Hartlepool Granny Annexe
Appeal Success in Hartlepool for a granny annexe
When a householder desperately needed an annexe for her parents – who required the care and support of their family due to advancing age and ongoing health problems – they turned to NAPC.
We submitted a thorough planning application but it became clear during the application process that the council were not going to accept the annexe with a kitchen, as this would be tantamount to the creation of a separate dwelling.
Despite putting forward counter arguments and Case Law to support our position, the council were unwilling to approve the annexe application with a kitchen. Therefore, the decision was made to remove the kitchen from the plans and planning was subsequently granted subject to a condition restricting the annexe from ever containing a kitchen.
The family were happy that they at least had permission for the annexe. But it soon became clear that the parents’ worsening health meant that a kitchen was necessary.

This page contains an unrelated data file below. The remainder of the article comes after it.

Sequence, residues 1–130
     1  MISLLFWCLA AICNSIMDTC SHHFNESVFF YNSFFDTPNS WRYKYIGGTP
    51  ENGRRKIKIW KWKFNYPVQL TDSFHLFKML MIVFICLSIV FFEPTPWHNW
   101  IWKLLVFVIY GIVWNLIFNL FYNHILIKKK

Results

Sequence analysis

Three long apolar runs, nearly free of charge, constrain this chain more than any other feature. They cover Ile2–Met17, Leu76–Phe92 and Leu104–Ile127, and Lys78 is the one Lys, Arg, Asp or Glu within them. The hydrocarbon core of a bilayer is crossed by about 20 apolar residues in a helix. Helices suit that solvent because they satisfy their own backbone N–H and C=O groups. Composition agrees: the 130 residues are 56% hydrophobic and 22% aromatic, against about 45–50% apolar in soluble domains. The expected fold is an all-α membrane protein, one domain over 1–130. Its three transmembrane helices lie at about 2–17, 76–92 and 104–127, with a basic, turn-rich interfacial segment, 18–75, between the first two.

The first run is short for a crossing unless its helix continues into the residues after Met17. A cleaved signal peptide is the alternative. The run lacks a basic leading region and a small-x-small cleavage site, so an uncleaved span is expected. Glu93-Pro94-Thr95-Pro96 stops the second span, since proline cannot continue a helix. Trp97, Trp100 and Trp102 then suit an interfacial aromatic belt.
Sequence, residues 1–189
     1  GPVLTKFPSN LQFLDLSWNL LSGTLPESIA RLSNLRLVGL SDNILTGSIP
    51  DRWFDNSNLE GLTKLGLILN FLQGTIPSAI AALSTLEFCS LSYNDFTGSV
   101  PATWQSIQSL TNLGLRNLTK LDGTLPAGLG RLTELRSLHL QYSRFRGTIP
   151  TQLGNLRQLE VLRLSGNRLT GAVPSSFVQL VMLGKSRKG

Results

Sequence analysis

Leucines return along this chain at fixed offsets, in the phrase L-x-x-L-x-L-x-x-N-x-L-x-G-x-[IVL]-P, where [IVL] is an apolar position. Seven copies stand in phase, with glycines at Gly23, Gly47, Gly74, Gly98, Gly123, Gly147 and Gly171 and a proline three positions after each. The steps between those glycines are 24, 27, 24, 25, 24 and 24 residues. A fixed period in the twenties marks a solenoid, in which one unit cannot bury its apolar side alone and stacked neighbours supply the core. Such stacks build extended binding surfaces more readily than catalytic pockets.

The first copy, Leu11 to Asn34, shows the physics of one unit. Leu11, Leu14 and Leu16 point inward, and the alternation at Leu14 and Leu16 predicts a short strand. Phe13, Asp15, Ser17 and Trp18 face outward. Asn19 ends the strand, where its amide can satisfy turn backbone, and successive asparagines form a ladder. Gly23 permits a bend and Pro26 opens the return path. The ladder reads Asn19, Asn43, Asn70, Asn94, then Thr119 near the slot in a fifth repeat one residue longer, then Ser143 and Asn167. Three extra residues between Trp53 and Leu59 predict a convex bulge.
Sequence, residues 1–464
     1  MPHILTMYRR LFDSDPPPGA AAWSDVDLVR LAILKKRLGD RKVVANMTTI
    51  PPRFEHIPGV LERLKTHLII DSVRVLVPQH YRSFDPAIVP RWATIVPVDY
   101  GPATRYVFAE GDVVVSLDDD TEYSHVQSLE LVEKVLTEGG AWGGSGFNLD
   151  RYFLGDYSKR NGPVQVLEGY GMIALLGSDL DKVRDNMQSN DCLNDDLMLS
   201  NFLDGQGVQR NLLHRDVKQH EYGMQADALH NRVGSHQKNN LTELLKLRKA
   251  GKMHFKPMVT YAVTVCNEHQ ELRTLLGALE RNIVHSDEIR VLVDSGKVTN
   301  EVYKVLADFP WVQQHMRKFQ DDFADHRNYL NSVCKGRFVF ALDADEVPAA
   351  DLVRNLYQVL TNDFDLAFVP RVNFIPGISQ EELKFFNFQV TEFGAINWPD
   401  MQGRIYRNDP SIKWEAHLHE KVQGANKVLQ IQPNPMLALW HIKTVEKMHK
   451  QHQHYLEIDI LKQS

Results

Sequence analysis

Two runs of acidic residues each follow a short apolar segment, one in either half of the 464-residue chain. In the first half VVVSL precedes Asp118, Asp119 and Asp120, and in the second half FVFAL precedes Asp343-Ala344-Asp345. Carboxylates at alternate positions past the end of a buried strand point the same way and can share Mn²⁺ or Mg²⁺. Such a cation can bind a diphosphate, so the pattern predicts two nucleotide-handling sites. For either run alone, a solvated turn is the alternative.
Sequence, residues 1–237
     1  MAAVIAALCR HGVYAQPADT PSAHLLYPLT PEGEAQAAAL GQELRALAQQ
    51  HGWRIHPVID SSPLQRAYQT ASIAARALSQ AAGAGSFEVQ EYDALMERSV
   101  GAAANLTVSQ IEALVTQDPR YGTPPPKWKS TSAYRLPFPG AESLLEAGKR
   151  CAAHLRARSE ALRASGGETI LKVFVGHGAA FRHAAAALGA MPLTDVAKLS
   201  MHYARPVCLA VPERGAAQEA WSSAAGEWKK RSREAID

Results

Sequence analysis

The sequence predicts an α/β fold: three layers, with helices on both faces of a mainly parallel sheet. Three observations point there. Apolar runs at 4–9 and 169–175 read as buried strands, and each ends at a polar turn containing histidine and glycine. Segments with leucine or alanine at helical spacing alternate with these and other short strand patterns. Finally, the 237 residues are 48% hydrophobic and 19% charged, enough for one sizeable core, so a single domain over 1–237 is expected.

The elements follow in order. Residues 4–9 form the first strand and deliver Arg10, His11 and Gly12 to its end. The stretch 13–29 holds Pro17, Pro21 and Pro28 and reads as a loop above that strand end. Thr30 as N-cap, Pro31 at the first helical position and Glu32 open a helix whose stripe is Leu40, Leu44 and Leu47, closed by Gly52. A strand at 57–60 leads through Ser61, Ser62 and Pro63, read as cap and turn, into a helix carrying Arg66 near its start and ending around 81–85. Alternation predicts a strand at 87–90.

We advised the family to submit a section 73 application to remove the restrictive kitchen condition from the permission – and then be prepared to appeal the council’s decision when the appeal was inevitably refused.
We identified this approach as the best planning strategy rather than appealing the whole decision straight away where the inspector would consider the principle of the annexe afresh, therefore preserving the original permission.
The section 73 application was submitted and, as predicted, was refused with the council standing by their assessment that the annexe would result in the creation of a new dwelling if it had a kitchen. We then appealed to the Planning Inspectorate.
To support our case, we produced a clear and robust appeal submission, using up to date Case Law, appeal precedents and planning arguments to put forward the best possible argument.
Our appeal was successful, with the inspector agreeing that, even though the annexe may contain all the facilities for independent living, it does not automatically mean that is how it is going to be used, and that there are many other material considerations that need to be taken into account. The inspector agreed, tipping the planning balance in the favour of the family.
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